2014 – Reserved powers legislation – Section 2A of the Act introduced modern and extensive reserved power trust legislation that essentially enables settlors to reserve to themselves or grant to others one or more of a range of powers without invalidating the trust or the property being deemed to form part of the settlor’s estate for the purposes of Bermuda’s Wills Act 1998.  The legislation also provides extensive protection to trustees for complying with the exercise of reserved and granted powers. Generally, subject to the terms of the trust, powers reserved to the settlor are treated as non-fiduciary powers and powers granted to a non-beneficiary are treated as fiduciary powers.

2020 – Modernised firewall legislation – Sections 10 and 11 of the Act were restated to broaden the scope and simplify firewall provisions.  Bermuda law firewall provisions chiefly require Bermuda law to be applied to Bermuda law trusts and to not recognise foreign laws and orders that give effect to foreign forced heirship, matrimonial property or insolvency rights and are inconsistent with Bermuda’s firewall provisions. The amendments also expanded the jurisdiction of the Bermuda Court and facilitated the service of proceedings involving Bermuda trusts outside the jurisdiction of Bermuda without the Court’s leave.

2020 – Children Act “opt out” – Amendments to the Act and the Children Act 1998 provided draftspersons/settlors the ability to opt out of the default definition of “children” otherwise prescribed by s18A of the Children Act. Subject to the terms of the trust, section 18A of the Children Act defines “children” in a manner to include adopted children or illegitimate children.

 

Perpetuities and Accumulations 1989:

This Act modified common law rules restricting perpetual trusts and accumulations to enable trusts to be created with trust periods not exceeding 100 years. The impact of this Act was superseded by the Perpetuities and Accumulations Act 2009.

 

Perpetuities and Accumulations Act 2009:

2009 – Section 3 of the Act provides that Bermuda trusts established from 1 August 2009 are not subject to perpetuity period (except for trusts holding Bermuda land: interests in Bermuda land can only be held in trust up to a maximum of 100 years; or the perpetuity period designated by the trust instrument).

2015 – Section 4 of the Act was amended to provide the Court a streamlined jurisdiction to dis-apply or extend perpetuity period of existing trusts if it determines it expedient to do so.  The test for expediency has been considered In the matter of the C Trusts [2016] (See below). Numerous trusts not governed by Bermuda have had their governing law changed to that of Bermuda to utilise this streamlined jurisdiction.

REGULATORY LEGISLATIVE DEVELOPMENTS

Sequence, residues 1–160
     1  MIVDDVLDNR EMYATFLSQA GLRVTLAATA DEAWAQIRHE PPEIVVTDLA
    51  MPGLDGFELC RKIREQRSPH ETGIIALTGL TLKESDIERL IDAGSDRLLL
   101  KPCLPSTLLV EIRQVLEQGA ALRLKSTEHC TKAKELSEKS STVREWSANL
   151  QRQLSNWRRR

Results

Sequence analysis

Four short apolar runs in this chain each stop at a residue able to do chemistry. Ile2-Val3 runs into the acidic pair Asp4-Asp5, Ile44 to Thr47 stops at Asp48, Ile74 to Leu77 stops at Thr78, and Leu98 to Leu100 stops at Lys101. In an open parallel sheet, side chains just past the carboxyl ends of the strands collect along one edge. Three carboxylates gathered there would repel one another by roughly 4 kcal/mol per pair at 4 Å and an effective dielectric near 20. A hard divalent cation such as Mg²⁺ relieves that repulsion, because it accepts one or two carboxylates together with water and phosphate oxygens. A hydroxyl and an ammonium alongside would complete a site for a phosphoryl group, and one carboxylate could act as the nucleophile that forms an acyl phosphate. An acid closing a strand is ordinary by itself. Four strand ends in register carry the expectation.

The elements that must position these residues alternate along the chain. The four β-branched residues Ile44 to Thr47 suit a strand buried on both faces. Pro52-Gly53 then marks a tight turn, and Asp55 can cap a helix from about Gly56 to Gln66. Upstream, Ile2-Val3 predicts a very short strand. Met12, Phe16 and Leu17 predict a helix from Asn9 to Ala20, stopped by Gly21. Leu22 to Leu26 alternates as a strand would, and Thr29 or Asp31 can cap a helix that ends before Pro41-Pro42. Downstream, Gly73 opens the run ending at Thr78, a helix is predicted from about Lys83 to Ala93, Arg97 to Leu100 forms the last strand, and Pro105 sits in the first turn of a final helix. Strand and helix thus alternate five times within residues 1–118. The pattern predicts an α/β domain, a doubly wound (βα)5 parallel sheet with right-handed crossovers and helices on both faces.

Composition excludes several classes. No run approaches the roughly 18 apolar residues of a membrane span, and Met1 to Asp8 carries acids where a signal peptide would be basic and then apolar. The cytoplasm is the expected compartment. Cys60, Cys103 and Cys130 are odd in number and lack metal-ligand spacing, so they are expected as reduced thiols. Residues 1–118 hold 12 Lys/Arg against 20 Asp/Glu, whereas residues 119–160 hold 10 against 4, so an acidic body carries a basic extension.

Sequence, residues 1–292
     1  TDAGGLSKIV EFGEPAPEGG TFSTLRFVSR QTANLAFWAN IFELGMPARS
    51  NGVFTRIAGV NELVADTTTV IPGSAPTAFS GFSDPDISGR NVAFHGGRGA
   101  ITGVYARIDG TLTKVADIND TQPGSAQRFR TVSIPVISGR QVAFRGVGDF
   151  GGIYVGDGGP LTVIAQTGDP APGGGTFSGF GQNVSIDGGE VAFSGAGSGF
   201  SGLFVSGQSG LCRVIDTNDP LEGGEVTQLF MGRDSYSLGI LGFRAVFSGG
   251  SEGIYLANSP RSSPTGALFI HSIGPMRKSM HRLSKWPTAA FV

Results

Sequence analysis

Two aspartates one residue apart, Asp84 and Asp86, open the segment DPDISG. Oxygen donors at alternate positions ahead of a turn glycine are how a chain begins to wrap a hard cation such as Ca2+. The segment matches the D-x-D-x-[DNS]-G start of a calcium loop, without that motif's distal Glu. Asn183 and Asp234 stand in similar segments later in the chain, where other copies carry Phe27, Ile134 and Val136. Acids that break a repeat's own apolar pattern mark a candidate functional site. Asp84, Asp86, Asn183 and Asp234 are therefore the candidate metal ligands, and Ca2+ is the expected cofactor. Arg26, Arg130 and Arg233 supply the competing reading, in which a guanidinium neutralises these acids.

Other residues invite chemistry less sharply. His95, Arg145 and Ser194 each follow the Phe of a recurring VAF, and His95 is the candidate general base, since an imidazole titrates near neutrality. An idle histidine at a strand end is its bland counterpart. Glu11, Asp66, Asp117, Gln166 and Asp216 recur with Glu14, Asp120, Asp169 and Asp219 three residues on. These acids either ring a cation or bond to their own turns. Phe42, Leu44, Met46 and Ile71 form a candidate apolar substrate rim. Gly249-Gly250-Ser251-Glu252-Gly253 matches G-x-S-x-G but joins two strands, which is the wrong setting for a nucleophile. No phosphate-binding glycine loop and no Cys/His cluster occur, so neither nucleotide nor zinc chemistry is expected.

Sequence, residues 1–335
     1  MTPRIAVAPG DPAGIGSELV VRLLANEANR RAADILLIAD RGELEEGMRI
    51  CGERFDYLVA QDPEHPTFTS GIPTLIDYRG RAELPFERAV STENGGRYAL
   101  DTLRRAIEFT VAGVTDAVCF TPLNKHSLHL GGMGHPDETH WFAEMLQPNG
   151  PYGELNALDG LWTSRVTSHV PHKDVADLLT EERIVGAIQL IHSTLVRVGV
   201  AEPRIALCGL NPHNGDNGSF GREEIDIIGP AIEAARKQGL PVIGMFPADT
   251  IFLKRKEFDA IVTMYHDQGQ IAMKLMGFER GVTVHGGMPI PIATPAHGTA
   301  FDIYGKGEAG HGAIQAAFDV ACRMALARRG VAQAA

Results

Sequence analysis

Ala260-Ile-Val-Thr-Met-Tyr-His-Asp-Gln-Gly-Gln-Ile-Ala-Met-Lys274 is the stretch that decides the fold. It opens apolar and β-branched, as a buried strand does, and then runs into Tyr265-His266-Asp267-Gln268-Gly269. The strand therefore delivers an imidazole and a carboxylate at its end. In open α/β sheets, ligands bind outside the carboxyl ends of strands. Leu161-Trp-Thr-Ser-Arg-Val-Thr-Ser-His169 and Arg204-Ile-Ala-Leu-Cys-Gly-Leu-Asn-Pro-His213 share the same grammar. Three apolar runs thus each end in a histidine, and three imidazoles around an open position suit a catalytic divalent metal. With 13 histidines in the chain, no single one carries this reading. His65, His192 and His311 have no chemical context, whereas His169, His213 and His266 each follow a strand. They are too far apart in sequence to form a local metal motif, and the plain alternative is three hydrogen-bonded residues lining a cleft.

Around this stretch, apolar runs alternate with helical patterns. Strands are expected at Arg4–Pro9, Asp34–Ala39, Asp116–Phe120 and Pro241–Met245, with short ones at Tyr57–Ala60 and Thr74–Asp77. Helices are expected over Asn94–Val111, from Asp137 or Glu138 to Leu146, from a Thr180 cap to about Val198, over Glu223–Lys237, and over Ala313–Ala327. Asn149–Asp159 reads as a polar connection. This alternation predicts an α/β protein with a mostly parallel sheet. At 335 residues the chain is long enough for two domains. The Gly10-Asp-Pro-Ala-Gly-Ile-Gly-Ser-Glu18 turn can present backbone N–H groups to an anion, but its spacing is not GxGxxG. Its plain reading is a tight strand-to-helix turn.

The Proceeds of Crime (Money Laundering) Regulations 2008 replaced the 1998 anti-money laundering/terrorist financing (AML/ATF) regulations to broaden the range of entities that are regulated and require AML/ATF regulated financial institutions to adopt “risk-based” AML/ATF systems and controls.

 

Trust (Regulation of Trust Business) Act 2001 and 2002 Exemption Order:

The Act reiterated the requirement for persons carrying on “trust business” in or from Bermuda to be licensed to do so (and have fit and proper controllers and discharge requirements regarding business policies and procedures etc.), unless they benefit from an exemption.

The Trusts (Regulation of Trust Business) Exemption Order 2002 provides several exemptions to the trustee licensing requirement, including an exemption for “private trust business”, which is frequently and readily utilised by “private trust companies”.

 

Introduction of requirements for beneficial ownership registers of certain entities (not trusts):

2018 – In response to international initiatives, Bermuda enacted legislation in 2018 (which became operative the following year) requiring certain Bermuda companies, partnerships and limited liability companies to maintain beneficial ownership registers and file beneficial ownership information with the regulator. Beneficial ownership registers are not required to be maintained in respect of Bermuda trusts in Bermuda, nor is the information available to the public. Where a trust forms of the ownership structure, in most scenarios (e.g. discretionary trusts with Bermuda licensed trustees) it is unlikely that settlors, beneficiaries, protectors and other non-trustee power holders would be required to be included in the register. The Bermuda Government has noted that the European Union is due to publish an Implementation Review in January 2022 and has further indicated that, within 12 months of that publication, it will progress proposals to establish public access to beneficial ownership data of companies held on its central register.

 

Introduction of economic substance requirements for certain entities (not for trusts):

2018 – Also in 2018 (again operative the following year), Bermuda introduced legislation requiring companies, limited liability companies and partnerships that carry on one or more “relevant activities” to comply with Bermuda’s economic substance requirements. Acting as trustee is not a relevant activity. It is widely regarded that the activities carried on by a company (including a private trust company) in its capacity as trustee is not regarded as a relevant activity, but one must consider what activity the company carries on its own account.